An Inflection Point is where a curve changes from Concave upward to Concave downward (or vice versa)
So what is concave upward / downward ?
Concave upward is when the slope increases:
Concave upward is when the slope decreases:
Here are some more examples:
So our task is to find where a curve goes from concave upward to concave downward (or vice versa).
Derivatives help us!
The derivative of a function gives the slope.
The second derivative tells us if the slope increases or decreases.
And the inflection point is where it goes from concave upward to concave downward (or vice versa).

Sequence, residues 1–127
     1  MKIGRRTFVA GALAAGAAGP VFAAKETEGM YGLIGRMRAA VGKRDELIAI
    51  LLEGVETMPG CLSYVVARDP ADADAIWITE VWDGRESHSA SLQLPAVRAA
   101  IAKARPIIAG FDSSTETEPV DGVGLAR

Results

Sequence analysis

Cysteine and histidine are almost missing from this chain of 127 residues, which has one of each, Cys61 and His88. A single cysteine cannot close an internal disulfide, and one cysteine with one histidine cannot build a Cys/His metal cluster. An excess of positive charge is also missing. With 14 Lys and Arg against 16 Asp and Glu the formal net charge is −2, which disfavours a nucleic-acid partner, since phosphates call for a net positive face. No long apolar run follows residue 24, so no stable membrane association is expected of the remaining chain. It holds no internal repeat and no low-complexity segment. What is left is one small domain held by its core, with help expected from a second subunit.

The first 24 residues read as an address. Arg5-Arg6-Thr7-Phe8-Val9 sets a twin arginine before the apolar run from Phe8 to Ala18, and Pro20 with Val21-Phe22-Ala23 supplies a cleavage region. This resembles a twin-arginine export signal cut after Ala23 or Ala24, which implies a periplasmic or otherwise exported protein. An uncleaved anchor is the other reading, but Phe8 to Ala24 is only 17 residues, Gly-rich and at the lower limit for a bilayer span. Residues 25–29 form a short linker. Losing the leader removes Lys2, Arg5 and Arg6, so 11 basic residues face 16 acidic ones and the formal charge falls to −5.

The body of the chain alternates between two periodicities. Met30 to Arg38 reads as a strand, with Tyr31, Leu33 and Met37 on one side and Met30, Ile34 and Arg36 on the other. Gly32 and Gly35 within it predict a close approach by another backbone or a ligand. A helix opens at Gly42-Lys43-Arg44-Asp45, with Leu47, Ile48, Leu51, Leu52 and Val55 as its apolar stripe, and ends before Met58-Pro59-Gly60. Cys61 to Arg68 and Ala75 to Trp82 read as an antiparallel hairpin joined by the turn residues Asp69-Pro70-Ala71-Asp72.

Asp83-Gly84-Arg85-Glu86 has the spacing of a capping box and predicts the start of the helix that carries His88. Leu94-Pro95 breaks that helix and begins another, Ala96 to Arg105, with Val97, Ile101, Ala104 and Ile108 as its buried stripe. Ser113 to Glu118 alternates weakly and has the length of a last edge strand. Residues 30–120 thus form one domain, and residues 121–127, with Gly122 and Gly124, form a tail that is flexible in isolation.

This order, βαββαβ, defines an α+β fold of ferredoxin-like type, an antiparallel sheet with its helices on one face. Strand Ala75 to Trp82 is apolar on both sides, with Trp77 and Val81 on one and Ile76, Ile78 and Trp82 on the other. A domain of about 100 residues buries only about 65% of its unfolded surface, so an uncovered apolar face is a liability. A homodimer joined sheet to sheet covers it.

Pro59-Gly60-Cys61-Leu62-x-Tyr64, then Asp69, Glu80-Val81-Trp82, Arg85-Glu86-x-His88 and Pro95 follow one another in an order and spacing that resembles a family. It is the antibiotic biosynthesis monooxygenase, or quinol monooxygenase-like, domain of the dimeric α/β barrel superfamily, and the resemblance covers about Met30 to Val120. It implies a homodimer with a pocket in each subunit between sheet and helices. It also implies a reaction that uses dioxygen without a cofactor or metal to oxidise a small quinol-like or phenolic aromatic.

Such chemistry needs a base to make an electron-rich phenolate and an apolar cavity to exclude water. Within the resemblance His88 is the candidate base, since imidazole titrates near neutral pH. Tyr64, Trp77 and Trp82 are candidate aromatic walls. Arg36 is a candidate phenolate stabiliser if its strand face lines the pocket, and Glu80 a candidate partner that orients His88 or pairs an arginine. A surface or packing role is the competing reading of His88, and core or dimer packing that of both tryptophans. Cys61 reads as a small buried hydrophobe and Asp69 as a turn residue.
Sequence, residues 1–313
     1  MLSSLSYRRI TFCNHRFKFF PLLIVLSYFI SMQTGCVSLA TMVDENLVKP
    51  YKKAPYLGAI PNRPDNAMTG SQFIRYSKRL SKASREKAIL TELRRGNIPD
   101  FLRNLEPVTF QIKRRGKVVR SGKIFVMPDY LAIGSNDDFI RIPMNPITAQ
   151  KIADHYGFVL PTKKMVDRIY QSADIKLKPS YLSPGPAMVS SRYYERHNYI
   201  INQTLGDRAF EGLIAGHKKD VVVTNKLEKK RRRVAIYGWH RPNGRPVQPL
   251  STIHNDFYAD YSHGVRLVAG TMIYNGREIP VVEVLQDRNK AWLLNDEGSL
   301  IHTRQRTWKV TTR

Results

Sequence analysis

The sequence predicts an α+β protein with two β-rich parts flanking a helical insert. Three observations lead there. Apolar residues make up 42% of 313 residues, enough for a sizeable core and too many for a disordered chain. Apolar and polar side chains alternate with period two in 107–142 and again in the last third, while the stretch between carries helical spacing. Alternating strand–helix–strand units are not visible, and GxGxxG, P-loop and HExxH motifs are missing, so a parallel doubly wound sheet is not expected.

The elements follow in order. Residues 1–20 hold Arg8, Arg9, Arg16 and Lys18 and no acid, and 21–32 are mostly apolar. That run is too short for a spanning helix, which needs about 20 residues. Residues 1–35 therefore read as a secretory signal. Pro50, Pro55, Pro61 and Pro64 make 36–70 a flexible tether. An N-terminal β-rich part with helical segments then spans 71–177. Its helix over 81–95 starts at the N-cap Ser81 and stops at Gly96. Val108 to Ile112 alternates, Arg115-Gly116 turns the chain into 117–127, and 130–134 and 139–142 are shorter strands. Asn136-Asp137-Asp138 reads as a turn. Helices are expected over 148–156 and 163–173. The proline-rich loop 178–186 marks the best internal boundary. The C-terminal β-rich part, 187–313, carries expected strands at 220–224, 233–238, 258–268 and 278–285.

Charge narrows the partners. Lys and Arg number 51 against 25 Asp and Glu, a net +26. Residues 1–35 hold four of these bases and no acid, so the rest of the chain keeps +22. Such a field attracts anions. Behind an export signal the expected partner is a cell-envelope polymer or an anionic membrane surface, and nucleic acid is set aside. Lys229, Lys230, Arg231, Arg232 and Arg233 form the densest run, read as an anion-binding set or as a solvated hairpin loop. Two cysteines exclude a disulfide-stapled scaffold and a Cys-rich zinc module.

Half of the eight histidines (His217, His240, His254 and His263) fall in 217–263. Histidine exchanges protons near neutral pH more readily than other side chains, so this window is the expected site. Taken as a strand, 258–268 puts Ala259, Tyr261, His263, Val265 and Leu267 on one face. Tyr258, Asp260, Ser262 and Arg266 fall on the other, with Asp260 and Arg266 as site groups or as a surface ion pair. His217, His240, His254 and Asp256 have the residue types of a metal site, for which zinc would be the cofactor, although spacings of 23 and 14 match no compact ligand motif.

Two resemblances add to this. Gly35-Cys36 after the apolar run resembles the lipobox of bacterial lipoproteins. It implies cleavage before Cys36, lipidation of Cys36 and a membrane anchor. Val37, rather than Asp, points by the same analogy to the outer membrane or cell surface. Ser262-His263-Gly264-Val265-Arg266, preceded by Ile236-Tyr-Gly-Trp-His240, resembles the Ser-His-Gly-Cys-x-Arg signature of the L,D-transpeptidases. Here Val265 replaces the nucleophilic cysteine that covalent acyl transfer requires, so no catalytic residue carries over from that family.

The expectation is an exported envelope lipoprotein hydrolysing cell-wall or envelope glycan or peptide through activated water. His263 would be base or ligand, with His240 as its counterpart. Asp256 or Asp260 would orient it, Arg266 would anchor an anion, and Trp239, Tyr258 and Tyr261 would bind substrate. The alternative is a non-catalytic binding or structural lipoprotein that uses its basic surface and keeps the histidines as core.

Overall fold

Example: y = 5x^{3} + 2x^{2} − 3x
Let's work out the second derivative:
And 30x + 4 is negative up to x = −4/30 = −2/15, positive from there onwards. So:
f(x) is concave downward up to x = −2/15
f(x) is concave upward from x = −2/15 on
And the inflection point is at x = −2/15
In the previous example we took this:
y = 5x^{3} + 2x^{2} − 3x
and came up with this derivative:
y' = 15x^{2} + 4x − 3
There are rules you can follow to find derivatives, and we used the "Power Rule":
The derivative is: y' = 3x^{2} − 12x + 12
The second derivative is: y'' = 6x − 12
And 6x − 12 is negative up to x = 2, positive from there onwards. So:
f(x) is concave downward up to x = 2
f(x) is concave upward from x = 2 on
And the inflection point is at x = 2:
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